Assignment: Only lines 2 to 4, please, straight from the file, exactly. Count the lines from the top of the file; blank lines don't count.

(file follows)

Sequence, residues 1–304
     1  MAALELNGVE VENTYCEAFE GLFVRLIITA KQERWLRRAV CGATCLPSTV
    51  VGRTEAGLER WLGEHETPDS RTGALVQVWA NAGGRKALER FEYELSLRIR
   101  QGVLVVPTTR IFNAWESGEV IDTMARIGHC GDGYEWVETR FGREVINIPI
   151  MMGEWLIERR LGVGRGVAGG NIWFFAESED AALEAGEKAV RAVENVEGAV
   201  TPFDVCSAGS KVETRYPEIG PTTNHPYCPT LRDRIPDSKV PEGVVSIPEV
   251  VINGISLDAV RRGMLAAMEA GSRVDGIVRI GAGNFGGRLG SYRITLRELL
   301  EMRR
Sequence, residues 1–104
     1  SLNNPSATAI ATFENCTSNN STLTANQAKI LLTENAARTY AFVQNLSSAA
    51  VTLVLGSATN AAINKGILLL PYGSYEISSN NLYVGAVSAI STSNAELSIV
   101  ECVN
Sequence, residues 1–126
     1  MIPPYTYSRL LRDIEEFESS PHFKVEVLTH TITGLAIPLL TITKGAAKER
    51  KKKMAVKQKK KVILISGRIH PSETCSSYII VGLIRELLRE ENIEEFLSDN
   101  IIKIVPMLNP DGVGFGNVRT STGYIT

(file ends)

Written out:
     1  MAALELNGVE VENTYCEAFE GLFVRLIITA KQERWLRRAV CGATCLPSTV
    51  VGRTEAGLER WLGEHETPDS RTGALVQVWA NAGGRKALER FEYELSLRIR
   101  QGVLVVPTTR IFNAWESGEV IDTMARIGHC GDGYEWVETR FGREVINIPI